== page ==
Tall ships visit Port Ludlow for sailings, tours

PORT LUDLOW — History will come alive in Port Ludlow this weekend as the tall ships Lady Washington and Hawaiian Chieftain make their return trip to Port Ludlow Marina.

The vessels will be docked at the marina at 1 Heron Road.

The tall ships, part of the nonprofit Grays Harbor Historical Seaport, sail the waters of the Pacific each year offering educational programs, free deck tours and sailing excursions.

Tours for $5 will be available from 4 p.m. to 5 p.m. today and from 10 a.m. to 1 p.m. Saturday and Sunday.

The tall ships also will be open to the general public for a ticketed Adventure Sail, Battle Sail, and a special Mother’s Day Sail on Sunday.

Battle Sail is scheduled for 2 p.m. Saturday and tickets are $42 to $79. An Adventure Sail is slated for 11 a.m. Sunday and tickets are $49. Battle Sail is scheduled for 2 p.m. Sunday and tickets are $79. Participants can buy one ticket for one of the sails on Sunday and bring their mothers for just $5 each.

Tickets are available for purchase at https://tinyurl.com/PDNships.

The ships will be closed Monday and are scheduled to depart Tuesday.

Launched in 1989 in Aberdeen, Lady Washington is the official ambassador of the state of Washington and a replica of the original vessel of the same name, the first American ship to make landfall on the West Coast. The steel-hulled Hawaiian Chieftain was launched in 1988 in Lahaina, Hawaii. Together they are among the most active tall ships in America, visiting approximately 40 ports each year.

Grays Harbor Historical Seaport is an educational nonprofit based in Aberdeen.

In addition to school programs and public sailing, the tall ships are also active sail training vessels.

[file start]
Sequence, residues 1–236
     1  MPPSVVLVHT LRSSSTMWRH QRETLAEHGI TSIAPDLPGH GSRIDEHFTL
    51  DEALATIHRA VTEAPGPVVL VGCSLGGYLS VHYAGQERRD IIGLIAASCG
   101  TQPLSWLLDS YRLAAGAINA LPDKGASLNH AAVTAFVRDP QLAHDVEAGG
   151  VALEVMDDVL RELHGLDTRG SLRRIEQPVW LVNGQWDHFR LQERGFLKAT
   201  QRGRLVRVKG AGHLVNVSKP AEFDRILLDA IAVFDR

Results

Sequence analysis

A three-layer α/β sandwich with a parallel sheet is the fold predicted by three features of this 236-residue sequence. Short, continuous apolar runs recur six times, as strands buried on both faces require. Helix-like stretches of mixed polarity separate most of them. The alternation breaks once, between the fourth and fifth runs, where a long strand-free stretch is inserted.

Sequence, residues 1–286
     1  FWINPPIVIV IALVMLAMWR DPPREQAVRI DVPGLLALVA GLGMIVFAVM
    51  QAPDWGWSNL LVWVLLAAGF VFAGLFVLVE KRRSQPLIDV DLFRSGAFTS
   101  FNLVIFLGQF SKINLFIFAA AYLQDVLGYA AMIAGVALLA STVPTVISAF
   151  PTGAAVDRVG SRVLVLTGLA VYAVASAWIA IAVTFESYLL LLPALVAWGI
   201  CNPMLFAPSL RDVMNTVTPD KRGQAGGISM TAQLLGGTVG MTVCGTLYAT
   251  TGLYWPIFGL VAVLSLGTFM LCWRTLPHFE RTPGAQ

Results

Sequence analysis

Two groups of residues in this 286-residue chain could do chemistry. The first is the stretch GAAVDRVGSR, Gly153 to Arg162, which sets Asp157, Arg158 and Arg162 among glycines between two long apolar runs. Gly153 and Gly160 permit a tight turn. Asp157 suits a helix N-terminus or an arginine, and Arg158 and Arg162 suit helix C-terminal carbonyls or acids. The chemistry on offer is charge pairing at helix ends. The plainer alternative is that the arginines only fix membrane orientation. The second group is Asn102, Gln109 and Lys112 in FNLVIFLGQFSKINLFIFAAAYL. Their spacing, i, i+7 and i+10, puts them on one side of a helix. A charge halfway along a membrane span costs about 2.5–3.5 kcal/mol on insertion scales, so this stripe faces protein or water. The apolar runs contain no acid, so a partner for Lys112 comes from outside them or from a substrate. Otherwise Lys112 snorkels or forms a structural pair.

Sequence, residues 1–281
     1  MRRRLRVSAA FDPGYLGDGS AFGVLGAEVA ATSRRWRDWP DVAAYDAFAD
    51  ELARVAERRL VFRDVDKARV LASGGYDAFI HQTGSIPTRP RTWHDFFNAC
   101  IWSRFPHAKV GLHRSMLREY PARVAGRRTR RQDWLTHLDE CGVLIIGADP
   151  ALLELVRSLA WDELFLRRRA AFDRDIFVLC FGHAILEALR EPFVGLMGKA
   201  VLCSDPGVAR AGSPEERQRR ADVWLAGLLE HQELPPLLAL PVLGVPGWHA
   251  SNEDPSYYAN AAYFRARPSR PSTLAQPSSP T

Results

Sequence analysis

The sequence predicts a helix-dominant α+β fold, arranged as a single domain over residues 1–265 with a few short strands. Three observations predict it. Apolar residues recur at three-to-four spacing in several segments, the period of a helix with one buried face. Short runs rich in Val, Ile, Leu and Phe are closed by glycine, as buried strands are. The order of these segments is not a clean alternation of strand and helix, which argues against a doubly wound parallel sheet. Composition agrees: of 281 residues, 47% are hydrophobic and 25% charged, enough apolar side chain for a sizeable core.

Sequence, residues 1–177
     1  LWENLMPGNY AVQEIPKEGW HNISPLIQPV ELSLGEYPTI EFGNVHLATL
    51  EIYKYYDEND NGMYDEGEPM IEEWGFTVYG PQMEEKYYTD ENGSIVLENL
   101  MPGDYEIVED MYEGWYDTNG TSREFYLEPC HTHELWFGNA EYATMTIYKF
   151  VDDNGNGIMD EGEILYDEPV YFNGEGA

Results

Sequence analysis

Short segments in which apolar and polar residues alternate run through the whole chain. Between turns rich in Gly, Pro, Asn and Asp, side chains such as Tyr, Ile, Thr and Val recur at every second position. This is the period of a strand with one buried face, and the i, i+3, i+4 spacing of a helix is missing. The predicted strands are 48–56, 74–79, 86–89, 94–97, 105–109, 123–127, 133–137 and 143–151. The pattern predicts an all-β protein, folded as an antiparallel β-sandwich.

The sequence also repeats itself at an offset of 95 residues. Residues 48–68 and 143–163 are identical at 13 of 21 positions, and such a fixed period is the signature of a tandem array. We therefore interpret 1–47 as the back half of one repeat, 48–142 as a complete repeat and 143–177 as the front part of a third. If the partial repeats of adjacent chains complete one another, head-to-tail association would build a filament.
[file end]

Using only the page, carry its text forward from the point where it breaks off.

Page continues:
Anyone over age 16 is eligible to join the crew through the Two Weeks Before the Mast volunteer sailing program.

Those pursuing careers in the commercial maritime industry can also consider enrolling in the Historical Seaport’s Sea School Northwest, a job training program to provide knowledge and mentorship for professional maritime fields.

For information about the tall ships and their programs, visit www.historicalseaport.org or call 800-200-5239.

This story was first published in the Peninsula Daily News.

More in Northwest

VoteWA is a $9.5 million program that came online last May and is meant to unify all 39 county voting systems in the state into a single entity. Courtesy image
WA’s new voting system concerns county elections officials

VoteWA has run into some problems in recent months as the Aug. 6 primary election draws closer.

‘Feedback loops’ of methane, CO2 echo environmental problem beyond Washington

University of Washington among researchers of climate change’s effects in global temperatures.

Early wake-up call: Twin quakes under Monroe rattle region

Thousands of people felt them. They were magnitude 4.6 and 3.5 and hit minutes apart.

Courtesy image
King County could loan 4Culture $20 million

The loan would be repaid by the organization and used to help serve marginalized communities.

Courtesy photo
King County Sheriff’s Office has been giving ICE unredacted information

Both the office and jail have supplied the Immigration and Customs Enforcement agency.

Warning sign for a road closure. File photo
King County examines options to fund roads and bridges

Shortfall is roughly $250 million each year; county may seek tax from unincorporated voters.

A high tide at Raymond’s Willapa Landing Park in Grays Harbor County, Washington. Sound Publishing file photo
On the West Coast, Washington is most prone to sea level rise damage

Report by the Center for Climate Integrity shows multibillion-dollar cost of battling back the sea.

What’s next for Washington’s 2045 green energy goal?

The Legislature set the goal, but how does the state actually get there?

Tasting room proposal could redefine alcohol production in King County

Pilot program would benefit wineries, breweries and distilleries. Several farmers are concerned.

Most Read